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Anaesthesia. 1994 Jan;49(1):62-5.

Studies in postoperative sequelae. Nausea and vomiting--still a problem.

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1
Department of Anaesthetics, Western Infirmary, Glasgow.

Abstract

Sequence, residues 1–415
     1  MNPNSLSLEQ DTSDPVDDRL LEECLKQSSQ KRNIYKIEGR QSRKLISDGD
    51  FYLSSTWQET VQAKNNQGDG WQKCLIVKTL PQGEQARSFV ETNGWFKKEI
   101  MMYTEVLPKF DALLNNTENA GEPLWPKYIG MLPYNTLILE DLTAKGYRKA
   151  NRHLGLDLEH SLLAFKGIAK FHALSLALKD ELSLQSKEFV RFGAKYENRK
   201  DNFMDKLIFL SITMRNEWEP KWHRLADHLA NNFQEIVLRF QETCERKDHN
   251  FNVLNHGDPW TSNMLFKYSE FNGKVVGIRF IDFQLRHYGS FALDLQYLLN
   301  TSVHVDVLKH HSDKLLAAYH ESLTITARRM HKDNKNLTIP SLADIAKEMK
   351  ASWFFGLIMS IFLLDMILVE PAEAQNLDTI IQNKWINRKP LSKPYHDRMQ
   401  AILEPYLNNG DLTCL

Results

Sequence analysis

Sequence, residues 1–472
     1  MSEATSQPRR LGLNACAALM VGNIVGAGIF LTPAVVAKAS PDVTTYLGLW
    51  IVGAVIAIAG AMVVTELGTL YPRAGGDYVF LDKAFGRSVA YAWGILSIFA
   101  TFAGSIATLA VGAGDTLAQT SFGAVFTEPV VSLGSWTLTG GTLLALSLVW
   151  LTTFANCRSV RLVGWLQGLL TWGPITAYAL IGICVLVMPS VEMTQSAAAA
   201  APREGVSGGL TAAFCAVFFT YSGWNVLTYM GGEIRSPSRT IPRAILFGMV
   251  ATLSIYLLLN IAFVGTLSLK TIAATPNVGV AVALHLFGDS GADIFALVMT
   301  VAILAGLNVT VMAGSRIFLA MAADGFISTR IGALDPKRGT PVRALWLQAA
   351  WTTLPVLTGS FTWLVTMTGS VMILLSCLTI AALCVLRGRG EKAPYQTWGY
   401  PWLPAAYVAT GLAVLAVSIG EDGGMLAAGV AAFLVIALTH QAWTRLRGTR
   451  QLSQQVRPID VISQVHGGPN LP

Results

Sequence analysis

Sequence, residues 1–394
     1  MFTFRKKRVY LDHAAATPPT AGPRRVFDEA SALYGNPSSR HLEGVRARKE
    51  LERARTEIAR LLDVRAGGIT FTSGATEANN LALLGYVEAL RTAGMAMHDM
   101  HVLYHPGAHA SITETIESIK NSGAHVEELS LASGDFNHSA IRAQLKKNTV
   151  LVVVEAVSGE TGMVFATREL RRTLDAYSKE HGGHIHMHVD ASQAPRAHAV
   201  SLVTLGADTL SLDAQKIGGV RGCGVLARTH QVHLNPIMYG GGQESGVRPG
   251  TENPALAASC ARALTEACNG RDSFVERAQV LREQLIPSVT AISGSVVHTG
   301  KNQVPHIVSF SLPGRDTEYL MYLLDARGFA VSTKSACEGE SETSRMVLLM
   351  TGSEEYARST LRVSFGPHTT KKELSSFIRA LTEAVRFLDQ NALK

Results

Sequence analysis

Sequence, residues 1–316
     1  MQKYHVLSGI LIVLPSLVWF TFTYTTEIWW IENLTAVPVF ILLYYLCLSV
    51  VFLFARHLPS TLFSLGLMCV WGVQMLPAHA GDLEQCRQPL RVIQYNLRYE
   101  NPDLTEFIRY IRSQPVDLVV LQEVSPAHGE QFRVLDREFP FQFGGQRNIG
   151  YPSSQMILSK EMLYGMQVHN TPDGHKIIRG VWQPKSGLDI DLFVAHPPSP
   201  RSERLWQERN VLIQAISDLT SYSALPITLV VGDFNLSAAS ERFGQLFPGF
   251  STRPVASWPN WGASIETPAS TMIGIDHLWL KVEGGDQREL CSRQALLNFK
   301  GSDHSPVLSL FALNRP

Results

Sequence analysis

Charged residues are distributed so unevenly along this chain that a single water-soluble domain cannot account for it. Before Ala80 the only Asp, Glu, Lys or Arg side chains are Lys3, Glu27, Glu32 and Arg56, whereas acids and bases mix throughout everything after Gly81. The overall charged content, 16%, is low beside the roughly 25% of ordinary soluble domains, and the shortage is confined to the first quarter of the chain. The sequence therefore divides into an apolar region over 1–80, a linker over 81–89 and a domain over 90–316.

We collected data on postoperative nausea and vomiting from 3850 patients aged 11-91 years. Thirty-seven percent of the 3244 patients who received a general anaesthetic reported nausea and 23.2% vomited. Twenty percent of the 606 patients who received a local anaesthetic reported nausea and 11.4% vomited. Of the general anaesthetic patients reporting nausea, 72.2% were women, and the mean age was lower than for those who did not (p < 0.001). Similarly for vomiting, 74.0% were women and again the mean age was lower (p < 0.001). Of the local anaesthetic patients reporting nausea, 62.0% were women and the mean age was lower than for those who did not (p < 0.001). Similarly for vomiting, 68.1% were women and again the mean age was lower (p < 0.001). Anxiety before general, but not local, anaesthesia was associated with postoperative nausea (p < 0.001) but not vomiting. Patients from the gynaecological, orthopaedic, ENT and general surgical wards had higher incidences of postoperative nausea and vomiting. Linear visual analogue pain scores were higher in patients with postoperative nausea and vomiting in both general and local anaesthesia groups (p < 0.001).

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